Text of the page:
Refactoring with Iterators

My first concern is that the method is doing too much. Rather than searching for the provided ID, the majority of the code is devoted to navigating the control’s descendents. Let’s factor out that logic into its own method:

public static IEnumerable<Control> GetDescendantControls(this Control root)
{
    var q = new Queue<Control>();

    var current = root;
    while (true)
    {
        if (current != null && current.HasControls())
            foreach (Control child in current.Controls)
                q.Enqueue(child);

        if (q.Count == 0)
            yield break;

        current = q.Dequeue();
        yield return current;
    }
}

The new method is almost as long as the old one, but now satisfies the Single Responsibility Principle. I also added a check to prevent calling Dequeue() on an empty queue. For those that have studied algorithms, note that this is a breadth-first tree traversal.

Now we can update FindControl:

public static T FindControl<T>(this Control root, string id) where T : Control
{
    Control c = root;

    if (c == null || c.ID == id)
        return c as T;

    foreach (Control child in c.GetDescendantControls())
    {
        if (child.ID == id)
            return child as T;
    }
    return null;
}

With the control tree traversal logic extracted, this updated version is already starting to smell better. But we’re not done yet.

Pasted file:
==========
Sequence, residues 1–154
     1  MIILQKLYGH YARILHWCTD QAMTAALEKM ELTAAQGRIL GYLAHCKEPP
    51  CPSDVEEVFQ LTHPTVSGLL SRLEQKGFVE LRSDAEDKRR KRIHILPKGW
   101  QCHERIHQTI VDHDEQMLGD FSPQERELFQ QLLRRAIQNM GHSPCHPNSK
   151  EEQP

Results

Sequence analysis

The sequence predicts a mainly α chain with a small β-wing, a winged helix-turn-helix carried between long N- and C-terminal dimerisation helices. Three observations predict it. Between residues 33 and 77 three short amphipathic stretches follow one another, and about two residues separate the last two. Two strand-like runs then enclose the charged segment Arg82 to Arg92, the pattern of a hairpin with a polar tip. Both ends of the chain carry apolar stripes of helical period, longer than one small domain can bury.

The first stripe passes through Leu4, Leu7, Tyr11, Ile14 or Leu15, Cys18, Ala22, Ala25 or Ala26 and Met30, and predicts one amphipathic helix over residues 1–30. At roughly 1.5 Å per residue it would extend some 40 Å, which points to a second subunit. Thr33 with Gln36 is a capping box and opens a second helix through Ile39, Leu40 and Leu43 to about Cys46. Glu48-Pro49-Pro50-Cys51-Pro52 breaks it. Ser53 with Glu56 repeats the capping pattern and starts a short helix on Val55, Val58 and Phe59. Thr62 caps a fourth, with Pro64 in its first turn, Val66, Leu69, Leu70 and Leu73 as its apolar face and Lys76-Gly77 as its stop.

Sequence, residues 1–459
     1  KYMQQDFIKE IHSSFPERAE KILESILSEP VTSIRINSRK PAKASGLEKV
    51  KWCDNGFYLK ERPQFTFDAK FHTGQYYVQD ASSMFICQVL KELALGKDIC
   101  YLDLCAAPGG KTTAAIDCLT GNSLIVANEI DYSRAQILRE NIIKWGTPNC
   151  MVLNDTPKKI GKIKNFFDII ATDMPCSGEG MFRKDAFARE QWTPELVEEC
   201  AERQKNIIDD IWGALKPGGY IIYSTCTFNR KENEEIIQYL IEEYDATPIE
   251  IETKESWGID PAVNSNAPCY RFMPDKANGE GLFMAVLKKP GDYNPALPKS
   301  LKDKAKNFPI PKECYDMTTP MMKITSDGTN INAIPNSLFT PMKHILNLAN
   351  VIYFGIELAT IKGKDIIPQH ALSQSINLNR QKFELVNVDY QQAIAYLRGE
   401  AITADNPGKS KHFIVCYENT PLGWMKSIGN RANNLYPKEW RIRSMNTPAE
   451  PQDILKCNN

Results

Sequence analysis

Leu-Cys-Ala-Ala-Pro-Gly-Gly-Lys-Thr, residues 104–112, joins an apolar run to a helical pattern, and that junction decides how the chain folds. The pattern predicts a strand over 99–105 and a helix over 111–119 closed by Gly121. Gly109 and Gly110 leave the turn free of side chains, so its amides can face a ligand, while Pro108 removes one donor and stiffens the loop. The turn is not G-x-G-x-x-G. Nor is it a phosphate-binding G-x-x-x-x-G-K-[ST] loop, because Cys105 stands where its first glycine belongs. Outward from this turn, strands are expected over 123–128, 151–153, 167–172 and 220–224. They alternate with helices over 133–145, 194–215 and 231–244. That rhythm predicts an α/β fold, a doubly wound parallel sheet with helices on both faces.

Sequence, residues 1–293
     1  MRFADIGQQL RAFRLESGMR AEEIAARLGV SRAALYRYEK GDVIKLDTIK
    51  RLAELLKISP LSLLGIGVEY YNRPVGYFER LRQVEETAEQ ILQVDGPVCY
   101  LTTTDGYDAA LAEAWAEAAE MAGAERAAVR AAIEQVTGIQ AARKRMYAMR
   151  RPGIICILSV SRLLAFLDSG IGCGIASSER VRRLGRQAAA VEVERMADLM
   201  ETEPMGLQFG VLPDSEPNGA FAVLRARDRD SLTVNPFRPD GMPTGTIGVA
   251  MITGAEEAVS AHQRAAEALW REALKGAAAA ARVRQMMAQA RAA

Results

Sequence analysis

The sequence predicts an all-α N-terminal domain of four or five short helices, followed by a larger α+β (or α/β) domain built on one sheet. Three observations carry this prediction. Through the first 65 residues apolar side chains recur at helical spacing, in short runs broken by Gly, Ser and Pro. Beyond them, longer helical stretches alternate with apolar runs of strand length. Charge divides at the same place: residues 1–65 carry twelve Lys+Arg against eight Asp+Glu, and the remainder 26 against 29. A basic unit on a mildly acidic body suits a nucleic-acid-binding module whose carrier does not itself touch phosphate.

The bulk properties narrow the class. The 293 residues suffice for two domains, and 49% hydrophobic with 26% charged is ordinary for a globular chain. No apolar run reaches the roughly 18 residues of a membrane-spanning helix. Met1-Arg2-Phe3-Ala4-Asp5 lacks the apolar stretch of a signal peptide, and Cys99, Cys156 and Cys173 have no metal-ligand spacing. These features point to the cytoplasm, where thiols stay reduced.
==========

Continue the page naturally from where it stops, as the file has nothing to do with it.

DRY? Don’t Repeat Someone Else, Either

My second concern is how we’re checking for the ID in question. It’s not that the equality operator is a bad choice, as it will work in many scenarios, but rather that it’s not consistent with the existing FindControl method. In particular, the existing FindControl understands naming containers (IDs that contain ‘$’ or ‘:’). Rather than implement our own comparison logic, we should just leverage the framework’s existing implementation:

public static T FindControl<T>(this Control root, string id) where T : Control
{
    if (id == null)
        throw new ArgumentNullException("id");

    if (root == null)
        return null;

    Control c = root.FindControl(id);
    if (c != null)
        return c as T;

    foreach (Control child in c.GetDescendantControls())
    {
        c = child.FindControl(id);
        if (c != null)
            return child as T;
    }
    return null;
}

Fun fact: FindControl will throw a NullReferenceException if id is null.